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Saturday, July 13, 2024 at 4:47 AM

Taylor water supply steady for now

EDIE ZUVANICH Special to the Press

Taylor can count on having enough water for another 25 years, according to Brad Brunett, central and lower basin regional manager for the Brazos River Authority.

The BRA supplies treated water from Lake Granger to Taylor, the Jonah Special Utilities District and Lone Star Regional Water Authority through the East Williamson County Water Treatment Plant.

“In terms of how long Lake Granger’s going to last (provide enough water volume), based on the projections we have, we’re looking at 2045 or so,” Brunett said. “And with the ground water well that we already have in place, that’s another 3 million gallons per day, so we’ve got enough raw water to take care of all the customers right now through 2050.”

Brunett told the Taylor City Council Thursday that while the plant can supply the average daily need for water, there are some high-usage days that predictions show could come close to exceeding the plant’s current daily capacity potentially as soon as 2024.

“From 2020 and on we’ve seen a pretty big increase in the peak demands from the plant and this is what we have to size the plant to meet, is these peak demands,” Brunett said. “Even though they only happen maybe once or twice a summer, that’s what we have to size the plant to take care of.”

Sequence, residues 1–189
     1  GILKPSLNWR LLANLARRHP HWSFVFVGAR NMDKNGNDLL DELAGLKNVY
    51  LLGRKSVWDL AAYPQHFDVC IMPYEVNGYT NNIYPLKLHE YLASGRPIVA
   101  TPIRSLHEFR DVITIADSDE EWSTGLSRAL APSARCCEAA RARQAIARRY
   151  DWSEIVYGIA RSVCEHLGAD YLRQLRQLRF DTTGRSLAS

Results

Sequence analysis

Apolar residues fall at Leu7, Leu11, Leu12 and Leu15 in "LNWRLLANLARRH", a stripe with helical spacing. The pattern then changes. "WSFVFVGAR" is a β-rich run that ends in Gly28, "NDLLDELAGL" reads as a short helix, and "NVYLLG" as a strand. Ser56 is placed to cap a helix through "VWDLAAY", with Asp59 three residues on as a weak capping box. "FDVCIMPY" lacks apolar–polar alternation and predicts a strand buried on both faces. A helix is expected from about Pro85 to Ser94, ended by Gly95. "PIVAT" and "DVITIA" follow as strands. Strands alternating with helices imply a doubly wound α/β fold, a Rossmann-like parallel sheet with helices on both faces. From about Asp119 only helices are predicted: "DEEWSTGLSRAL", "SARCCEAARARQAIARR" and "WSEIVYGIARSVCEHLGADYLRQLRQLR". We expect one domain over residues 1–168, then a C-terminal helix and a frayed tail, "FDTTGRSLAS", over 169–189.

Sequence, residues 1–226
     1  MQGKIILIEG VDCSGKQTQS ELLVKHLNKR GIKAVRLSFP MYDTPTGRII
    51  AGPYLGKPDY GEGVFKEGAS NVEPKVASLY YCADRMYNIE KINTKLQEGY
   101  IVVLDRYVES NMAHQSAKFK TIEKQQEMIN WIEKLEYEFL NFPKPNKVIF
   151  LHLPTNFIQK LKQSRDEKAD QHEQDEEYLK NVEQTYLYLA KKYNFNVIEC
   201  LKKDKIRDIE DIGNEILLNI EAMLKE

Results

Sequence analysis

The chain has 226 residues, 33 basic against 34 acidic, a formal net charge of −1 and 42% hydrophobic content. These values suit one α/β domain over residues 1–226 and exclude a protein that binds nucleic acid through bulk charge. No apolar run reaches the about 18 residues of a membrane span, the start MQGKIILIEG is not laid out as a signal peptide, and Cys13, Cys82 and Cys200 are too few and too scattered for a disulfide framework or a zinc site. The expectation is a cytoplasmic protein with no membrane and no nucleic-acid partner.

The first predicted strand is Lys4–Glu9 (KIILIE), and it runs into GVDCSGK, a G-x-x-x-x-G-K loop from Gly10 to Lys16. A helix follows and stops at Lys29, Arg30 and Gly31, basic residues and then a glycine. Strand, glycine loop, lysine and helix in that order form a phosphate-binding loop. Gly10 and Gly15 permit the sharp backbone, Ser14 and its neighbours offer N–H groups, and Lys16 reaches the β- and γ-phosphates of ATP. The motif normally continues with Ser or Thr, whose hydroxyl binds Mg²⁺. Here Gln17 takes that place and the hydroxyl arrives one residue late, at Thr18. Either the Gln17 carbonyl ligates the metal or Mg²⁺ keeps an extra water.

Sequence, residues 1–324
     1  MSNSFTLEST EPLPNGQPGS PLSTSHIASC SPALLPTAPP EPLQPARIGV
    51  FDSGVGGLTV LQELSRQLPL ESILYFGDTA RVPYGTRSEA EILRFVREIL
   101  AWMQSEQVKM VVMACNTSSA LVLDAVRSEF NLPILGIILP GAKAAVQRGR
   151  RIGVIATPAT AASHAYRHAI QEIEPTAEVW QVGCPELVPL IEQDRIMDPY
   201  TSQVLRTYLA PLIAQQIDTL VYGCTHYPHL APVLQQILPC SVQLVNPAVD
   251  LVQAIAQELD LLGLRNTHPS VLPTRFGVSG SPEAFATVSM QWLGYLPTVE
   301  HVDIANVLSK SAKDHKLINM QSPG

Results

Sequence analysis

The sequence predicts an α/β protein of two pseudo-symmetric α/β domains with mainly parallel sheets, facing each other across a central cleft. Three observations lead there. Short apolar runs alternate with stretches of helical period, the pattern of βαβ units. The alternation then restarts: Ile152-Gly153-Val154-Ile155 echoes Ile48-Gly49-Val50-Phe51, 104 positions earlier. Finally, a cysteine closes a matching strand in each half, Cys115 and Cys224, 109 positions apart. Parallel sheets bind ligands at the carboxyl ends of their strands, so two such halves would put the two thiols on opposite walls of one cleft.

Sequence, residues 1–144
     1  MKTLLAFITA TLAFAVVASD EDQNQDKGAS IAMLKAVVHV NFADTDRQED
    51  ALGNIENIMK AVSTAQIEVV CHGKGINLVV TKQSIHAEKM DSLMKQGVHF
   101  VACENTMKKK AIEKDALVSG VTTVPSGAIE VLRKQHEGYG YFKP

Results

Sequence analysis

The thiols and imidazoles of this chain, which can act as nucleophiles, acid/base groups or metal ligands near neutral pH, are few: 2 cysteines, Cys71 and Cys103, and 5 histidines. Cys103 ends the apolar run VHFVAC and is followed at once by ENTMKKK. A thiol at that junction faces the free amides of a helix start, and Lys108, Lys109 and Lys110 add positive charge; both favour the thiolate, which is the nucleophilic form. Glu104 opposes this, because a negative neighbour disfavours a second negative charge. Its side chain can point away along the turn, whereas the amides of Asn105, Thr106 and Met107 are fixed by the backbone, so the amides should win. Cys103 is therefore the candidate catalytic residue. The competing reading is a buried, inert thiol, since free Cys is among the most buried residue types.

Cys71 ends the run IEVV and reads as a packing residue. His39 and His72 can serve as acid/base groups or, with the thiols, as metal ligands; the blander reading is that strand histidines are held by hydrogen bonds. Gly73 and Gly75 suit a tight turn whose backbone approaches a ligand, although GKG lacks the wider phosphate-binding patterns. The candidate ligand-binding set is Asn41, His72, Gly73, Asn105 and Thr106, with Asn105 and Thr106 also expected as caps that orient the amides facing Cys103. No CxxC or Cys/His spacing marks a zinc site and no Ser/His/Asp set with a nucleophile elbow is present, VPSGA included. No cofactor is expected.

The BRA presentation showed several capacity-building projects currently in the works. Based on recent upgrades, they are conducting a re-rating study and are expecting approval to increase from the current 12.6 MGD to over 13.75 MGD this year.

Next, an on-site well is expected to bring the volume to 15.25 MGD as soon as 2025. At 3,000 feet deep, the Trinity well taps into the aquifer that previously was the city’s main water source.

Council members who grew up in Taylor were quick to remind Brunett that the city’s water didn’t taste so good back then. The BRA representative said the company was aware of the issue.

“We’re going to blend a little bit of that water.

On those days when we’re treating 10 or 12 or 13 MGD of the surface water, putting in a million or two of groundwater essentially dilutes the problem of that water. There’s some water quality change but we still have to meet all the state drinking water standards,” he said. The well still needs a cooling tower and chemical treatment facility before it can start adding to the raw water supply.

The amount of water BRA can distribute is currently limited by the single 27-inch pipe leading from the plant to Circleville. All three entities served by BRA connect to the main line in Circleville and are responsible for their own pipes from that point.

BRA intends to build a 48-inch pipe parallel to the existing pipe that will serve Jonah SUD and Lone Star Regional Water Authority. The existing line will then be dedicated solely to water for Taylor.

“We’re going put interconnects on both lines so if anything ever happens to one or the other we’re not dead in the water so to speak as we are now.”

Currently in the design phase, pipeline expansion should be completed in 2027 and will increase the volume to 17.75 MGD.

Additional projects, including building a medium service pump station and intake pump expansion, should bring the total volume to 27.75 MGD by 2028.

Beyond that, BRA is exploring several options for long-term expansion with a goal of 40 to 42 MGD.

Brunett said that as the part of the county upstream of Lake Granger grows, the amount of treated wastewater flowing into the lake will raise the volume and create a natural increase in water available from that source. The water authority also has over a dozen strategies currently being evaluated for potential long-term increases.


Taylor Press